Under the plans, the development will feature marina berths for yachts up to 70m, a yacht club, offices, workshops, boutiques, restaurants, entertainment venues and a multilevel car park.
Director, Justin James says this will not be a regular marina. 'We are aiming to build a marina of international calibre – something you would see in the south of France or Monaco. It’s a much-needed boost for the marine industry and locals, and will be great for tourism, appealing to a whole range of different users.'
He adds, Sydney and Australia as a tourism destination, will benefit from any development around the harbour, improve existing services for visitors and the public.
Contrary to reports in mainstream media, developers are not holding out for 'Chinese and Indian millionaires with their superyachts'. These markets, while promising, are not yet the yachting behemoths some pundits predicted.
'The main markets will be domestic permanent, domestic transient, and international superyachts visiting Sydney and Australia.'
Investment banker, Mark Carnegie, and a solicitor, Andrew Robinson, have a majority stake in the venture. The former South Sydney NRL player Brian James holds the remaining share. They have been promoting the concept for the past few years at yacht shows including Monaco and Fort Lauderdale, as part of Superyacht Australia and under their own banner of Sydney Superyacht Marina.
The 24-berth marina was originally built to host various visiting yachts during the Sydney 2000 Olympic Games
, but the land was not developed beyond demountable buildings and a now-disused restaurant and is described as 'neglected' by prospective developers.
'Since that time, it has been the superyacht industry leader championing international superyacht visitation to Australia and driving the local industry,' says the developer in a statement.
'The proposed development seeks to upgrade the land based facilities to ensure the marina stays competitive with other world class superyacht marinas, to revitalise the maritime district, and to ensure the continuing economic benefits that such a facility brings to the NSW maritime industry and NSW economy as a whole.'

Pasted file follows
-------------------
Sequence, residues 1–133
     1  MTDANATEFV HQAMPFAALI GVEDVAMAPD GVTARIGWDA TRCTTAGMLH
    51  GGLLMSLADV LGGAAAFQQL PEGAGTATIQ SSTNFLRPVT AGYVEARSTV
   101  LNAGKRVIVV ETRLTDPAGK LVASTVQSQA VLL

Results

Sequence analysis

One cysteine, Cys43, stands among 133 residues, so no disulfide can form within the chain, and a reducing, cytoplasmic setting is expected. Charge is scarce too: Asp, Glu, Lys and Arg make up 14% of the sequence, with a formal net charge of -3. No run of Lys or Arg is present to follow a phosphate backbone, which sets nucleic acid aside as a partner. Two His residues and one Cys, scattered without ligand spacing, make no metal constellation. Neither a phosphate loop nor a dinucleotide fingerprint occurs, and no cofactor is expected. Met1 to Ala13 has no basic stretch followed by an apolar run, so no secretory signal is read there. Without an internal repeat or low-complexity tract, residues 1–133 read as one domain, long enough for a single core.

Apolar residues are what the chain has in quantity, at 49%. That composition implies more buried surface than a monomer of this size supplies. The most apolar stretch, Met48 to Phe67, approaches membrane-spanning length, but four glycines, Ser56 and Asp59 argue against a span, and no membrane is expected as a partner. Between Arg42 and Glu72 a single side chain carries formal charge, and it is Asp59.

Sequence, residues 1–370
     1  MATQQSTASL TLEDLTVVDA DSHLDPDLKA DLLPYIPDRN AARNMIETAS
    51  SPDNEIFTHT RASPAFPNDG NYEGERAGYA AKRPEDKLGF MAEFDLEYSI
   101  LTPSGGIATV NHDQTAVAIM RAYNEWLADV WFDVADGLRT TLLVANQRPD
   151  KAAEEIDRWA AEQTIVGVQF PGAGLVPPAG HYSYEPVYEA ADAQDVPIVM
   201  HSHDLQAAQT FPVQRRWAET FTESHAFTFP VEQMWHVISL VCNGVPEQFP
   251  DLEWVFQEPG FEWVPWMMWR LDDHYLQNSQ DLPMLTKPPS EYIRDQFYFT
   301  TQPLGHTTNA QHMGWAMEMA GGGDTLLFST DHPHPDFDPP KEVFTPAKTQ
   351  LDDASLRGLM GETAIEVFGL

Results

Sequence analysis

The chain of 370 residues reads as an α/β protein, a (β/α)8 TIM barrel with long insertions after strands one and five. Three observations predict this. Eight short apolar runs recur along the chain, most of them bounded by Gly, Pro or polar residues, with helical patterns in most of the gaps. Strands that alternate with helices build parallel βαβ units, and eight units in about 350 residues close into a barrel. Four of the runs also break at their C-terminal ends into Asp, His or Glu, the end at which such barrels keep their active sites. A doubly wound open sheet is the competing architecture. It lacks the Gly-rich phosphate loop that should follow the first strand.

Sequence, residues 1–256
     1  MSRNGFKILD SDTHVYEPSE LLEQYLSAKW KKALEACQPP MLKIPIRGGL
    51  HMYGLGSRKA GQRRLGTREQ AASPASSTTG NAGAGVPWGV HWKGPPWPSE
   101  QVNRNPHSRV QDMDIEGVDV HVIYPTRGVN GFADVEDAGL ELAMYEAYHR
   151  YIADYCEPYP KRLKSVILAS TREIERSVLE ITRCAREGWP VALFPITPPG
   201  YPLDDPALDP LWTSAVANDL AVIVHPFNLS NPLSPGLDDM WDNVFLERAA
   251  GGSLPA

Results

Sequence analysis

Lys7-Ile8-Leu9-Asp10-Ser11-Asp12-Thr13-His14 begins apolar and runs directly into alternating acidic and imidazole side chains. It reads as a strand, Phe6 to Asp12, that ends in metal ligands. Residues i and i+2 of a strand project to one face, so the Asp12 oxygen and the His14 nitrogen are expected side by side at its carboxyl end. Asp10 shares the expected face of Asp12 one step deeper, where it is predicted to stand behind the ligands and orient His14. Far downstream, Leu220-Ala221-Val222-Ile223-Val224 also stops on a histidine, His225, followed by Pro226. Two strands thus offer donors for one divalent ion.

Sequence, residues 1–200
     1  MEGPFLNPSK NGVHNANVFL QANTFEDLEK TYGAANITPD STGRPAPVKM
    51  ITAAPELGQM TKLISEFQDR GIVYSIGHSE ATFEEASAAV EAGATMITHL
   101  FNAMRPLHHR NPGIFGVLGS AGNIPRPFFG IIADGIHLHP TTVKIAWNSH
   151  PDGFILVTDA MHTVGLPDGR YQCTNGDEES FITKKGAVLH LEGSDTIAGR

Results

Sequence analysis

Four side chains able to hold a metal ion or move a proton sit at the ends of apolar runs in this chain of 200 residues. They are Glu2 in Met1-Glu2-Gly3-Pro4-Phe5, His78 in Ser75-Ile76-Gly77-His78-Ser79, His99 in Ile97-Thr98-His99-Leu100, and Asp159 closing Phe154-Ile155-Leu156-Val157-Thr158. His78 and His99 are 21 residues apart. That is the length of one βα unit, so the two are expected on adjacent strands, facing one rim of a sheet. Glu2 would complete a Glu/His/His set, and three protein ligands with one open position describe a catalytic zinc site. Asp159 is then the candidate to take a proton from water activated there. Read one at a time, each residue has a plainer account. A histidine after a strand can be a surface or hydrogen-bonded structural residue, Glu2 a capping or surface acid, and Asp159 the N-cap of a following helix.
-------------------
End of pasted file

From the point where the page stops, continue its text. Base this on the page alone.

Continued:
As James explains: 'Three buildings are proposed. The western building is proposed to include a registered yacht club, marine uses (such as offices, boat sales, staff and training services), and ancillary uses such as a provedore and restaurants. The eastern building is proposed to include marine offices, marine retail activity, and workshops together with other ancillary food and drink outlets.'
A car park building will be constructed behind the eastern building.
'This will become the beating heart of superyachting,' James adds.
The Planning Assessment Commission will determine the marina proposal under scrapped Part 3a laws. But Leichhardt and City of Sydney councils say no new development should be considered until a broader strategy for the bays precinct is finalised. It comprises 80 hectares of valuable foreshore land from Rozelle to Blackwattle Bay and White Bay.
Several developments affecting the precinct are in the works, including an approved cruise passenger terminal at White Bay and plans to establish a temporary pavilion at Glebe Island while the Sydney Convention and Exhibition Centre is redeveloped.
While 66 submissions were received to the Environmental Assessment from the general public raising concerns of noise and potential traffic congestion, SSYM addressed these with plans for construction of buildings using materials that meet Sound Transmission Class ratings and includes glazing with acoustic seals, self-locking doors and air locks for the yacht club, as well as committing to a curfew on outdoor music after 8pm (except on 5 special events per annum) and outdoor seating after 10pm.
Upgrading of the Rozelle and Blackwattle Bays Precinct road network by NSW Maritime and traffic will mitigate traffic congestion.
Once approved, James is forecasting a 12 month construction phase and once completed, the new precinct would provide around 50 full-time jobs.
Among the list of project benefits, James says will be 'a vibrant mixed use maritime precinct that sustains Sydney working harbour', an enhanced foreshore for public enjoyment, with 24 hour access and a boost to the NSW economy by attracting superyachts from overseas and increasing visitor expenditure in Sydney.
'It is estimated a vessel can generate $10,000 per vessel per day excluding maintenance and refit services. The NSW Superyacht Industry Association estimates that the superyacht industry in NSW generates in excess of $200 million annually and employs over 1,000 skilled people directly and indirectly.'
More at www.superyachtmarina.com.au